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Aanderaa Data Instruments AS – TD293

– Deployment settings deals with settings connected to the location and the particular measurements that are to be reordered following the setup. – System settings deals with settings that are usually not changed between deployments/recording sessions like e.g. sensor output parameter, timing for power control etc. – User maintenance deals with advanced settings that are rarely changed in a system setup. The user needs a certain level of sensor skills and system understanding to make correct settings. ! The Recorder is where you start and stop data recording, monitoring data and enable real-time distribution of data. Each parameter value appears as being measured by a smart sensor, traceable to the individual sensors serial number, linearized and presented in engineering units, checked against set limits and more. Use AADI Real-Time Collector to configure the system and sensors. Settings and configuration can be saved and stored on your computer for backup; these files can be restored to the SMARTGUARD using the SD-card or real-time transfer. The configuration setup is kept unchanged during recording. Thus for every recording session you will have a complete unaltered configuration file in order to keep full integrity and traceability of your dataset.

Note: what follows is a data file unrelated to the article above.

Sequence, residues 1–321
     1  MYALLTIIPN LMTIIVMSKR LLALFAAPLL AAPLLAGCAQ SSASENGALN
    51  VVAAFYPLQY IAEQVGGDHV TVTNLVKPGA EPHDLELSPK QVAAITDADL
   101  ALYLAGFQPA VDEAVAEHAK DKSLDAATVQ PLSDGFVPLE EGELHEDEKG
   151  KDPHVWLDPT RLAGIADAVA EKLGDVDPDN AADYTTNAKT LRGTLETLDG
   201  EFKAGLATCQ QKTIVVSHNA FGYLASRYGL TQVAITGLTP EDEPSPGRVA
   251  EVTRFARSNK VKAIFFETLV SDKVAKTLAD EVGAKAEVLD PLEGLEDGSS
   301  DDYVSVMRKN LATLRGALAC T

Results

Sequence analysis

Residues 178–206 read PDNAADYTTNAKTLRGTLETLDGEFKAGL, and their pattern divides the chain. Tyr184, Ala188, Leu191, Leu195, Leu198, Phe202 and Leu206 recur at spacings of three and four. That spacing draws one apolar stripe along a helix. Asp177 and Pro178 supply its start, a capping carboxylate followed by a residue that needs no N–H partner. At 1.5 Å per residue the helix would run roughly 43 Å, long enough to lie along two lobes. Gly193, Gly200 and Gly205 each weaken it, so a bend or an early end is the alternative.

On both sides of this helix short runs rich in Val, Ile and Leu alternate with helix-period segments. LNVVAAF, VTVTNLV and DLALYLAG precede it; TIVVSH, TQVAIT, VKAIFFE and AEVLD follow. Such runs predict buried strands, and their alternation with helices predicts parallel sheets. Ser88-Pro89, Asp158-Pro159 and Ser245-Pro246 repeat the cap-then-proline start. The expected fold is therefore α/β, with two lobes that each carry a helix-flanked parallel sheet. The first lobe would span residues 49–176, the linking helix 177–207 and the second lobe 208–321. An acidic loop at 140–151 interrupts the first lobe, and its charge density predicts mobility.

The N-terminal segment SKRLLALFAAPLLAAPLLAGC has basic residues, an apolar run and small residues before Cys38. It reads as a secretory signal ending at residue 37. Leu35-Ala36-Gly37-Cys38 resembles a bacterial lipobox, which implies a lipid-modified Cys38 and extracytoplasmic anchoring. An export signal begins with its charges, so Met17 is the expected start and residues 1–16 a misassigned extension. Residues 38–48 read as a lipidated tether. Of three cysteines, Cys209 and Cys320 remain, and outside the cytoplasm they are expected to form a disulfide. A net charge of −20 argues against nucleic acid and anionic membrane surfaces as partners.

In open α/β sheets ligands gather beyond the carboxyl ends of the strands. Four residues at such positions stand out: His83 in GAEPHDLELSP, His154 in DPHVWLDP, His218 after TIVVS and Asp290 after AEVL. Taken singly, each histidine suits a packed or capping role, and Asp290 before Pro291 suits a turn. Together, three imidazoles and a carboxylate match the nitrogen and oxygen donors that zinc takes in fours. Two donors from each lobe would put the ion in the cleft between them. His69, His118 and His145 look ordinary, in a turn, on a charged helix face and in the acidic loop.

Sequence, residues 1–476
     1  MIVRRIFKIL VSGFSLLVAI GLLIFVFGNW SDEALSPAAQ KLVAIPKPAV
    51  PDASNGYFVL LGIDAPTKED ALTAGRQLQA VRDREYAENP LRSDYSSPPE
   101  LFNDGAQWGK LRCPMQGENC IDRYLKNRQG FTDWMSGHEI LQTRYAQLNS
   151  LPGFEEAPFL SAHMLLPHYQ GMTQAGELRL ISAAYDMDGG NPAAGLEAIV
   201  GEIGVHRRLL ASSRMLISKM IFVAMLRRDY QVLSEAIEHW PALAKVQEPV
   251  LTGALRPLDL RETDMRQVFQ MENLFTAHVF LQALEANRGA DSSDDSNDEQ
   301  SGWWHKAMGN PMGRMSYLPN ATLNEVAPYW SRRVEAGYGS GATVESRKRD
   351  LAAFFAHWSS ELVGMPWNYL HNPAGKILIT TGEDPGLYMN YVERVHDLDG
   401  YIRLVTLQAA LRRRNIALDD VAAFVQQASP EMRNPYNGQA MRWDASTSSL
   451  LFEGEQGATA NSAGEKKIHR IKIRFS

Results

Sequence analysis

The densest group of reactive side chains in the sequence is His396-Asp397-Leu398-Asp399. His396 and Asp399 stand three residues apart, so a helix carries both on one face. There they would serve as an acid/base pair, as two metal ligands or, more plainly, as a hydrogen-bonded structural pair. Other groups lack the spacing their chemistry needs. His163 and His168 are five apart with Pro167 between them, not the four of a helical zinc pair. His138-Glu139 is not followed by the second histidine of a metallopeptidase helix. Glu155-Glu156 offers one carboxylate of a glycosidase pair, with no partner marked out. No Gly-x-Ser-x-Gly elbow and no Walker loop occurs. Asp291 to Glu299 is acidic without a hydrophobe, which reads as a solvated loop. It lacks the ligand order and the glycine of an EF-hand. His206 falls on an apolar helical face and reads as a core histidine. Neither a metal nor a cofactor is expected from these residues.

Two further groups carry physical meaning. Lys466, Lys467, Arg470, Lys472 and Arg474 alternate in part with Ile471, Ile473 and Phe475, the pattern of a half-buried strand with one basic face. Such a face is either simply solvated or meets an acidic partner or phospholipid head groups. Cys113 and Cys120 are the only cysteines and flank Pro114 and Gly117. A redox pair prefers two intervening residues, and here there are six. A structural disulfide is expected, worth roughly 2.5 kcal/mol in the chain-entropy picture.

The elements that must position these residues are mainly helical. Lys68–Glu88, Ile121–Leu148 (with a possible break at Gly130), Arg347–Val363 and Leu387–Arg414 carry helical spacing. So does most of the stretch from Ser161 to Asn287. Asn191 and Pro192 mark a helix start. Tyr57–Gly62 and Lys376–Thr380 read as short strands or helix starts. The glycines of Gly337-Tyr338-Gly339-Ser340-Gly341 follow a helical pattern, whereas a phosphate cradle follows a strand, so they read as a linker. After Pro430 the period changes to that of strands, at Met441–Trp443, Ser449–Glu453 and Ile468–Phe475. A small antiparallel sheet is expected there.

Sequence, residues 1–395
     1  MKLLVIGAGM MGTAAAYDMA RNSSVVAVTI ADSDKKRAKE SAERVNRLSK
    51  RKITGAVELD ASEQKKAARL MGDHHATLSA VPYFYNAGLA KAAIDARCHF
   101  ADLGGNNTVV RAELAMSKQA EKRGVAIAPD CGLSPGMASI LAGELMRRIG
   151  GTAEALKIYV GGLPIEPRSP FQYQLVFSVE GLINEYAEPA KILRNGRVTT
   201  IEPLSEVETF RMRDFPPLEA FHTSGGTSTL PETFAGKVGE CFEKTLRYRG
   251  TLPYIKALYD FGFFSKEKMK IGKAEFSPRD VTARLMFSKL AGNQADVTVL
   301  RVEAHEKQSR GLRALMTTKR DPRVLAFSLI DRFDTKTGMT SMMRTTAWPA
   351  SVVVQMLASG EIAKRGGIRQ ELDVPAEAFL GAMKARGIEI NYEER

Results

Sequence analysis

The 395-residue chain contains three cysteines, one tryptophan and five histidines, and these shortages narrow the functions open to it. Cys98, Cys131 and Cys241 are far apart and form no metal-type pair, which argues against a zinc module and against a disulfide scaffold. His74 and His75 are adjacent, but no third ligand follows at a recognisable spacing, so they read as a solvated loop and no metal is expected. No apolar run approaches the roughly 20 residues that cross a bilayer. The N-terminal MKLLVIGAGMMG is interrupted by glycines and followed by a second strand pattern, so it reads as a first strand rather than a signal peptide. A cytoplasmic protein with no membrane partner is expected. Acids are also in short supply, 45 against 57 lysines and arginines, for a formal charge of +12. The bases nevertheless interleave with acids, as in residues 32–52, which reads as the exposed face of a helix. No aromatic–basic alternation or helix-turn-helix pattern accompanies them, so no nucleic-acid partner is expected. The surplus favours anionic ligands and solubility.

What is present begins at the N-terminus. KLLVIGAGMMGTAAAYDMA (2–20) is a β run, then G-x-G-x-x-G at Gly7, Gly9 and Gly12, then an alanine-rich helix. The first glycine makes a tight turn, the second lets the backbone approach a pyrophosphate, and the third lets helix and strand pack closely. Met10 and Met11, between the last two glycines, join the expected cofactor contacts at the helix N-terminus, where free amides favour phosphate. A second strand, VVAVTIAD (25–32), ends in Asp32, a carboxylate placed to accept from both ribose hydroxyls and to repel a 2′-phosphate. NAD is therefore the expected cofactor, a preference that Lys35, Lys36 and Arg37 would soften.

2.1 Collecting data with SMARTGUARD Data collection is controlled by the Multi Group Recorder. Sensors are organized in up to 3 separate groups. Each group has its own recording interval and will generate its own set of data files. The groups will also generate its own real-time data message.

Data collecting is perceived as recording sessions started and stopped by the user. The recording session can start at power up if enabled. Recording groups can be started and stopped individually or all together. A recording session starts when the first group is started and ends when the last one is stopped. Any changes of recording interval made directly in the recording panel could thus not be kept in the configuration session. For this reason you may also disable the option to change interval settings from the recorder panel. You will then secure the full integrity of your data and connected configuration.